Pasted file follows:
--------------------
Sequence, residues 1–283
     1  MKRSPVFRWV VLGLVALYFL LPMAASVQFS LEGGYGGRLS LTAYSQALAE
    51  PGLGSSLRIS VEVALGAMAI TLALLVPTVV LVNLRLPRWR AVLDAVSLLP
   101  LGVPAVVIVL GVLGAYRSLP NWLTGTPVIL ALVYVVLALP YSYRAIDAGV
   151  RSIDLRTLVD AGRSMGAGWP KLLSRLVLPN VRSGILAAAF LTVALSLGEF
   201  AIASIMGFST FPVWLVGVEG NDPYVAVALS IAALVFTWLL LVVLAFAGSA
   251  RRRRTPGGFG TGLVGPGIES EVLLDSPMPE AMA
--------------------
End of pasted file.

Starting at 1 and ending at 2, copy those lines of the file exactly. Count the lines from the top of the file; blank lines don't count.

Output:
Sequence, residues 1–283
     1  MKRSPVFRWV VLGLVALYFL LPMAASVQFS LEGGYGGRLS LTAYSQALAE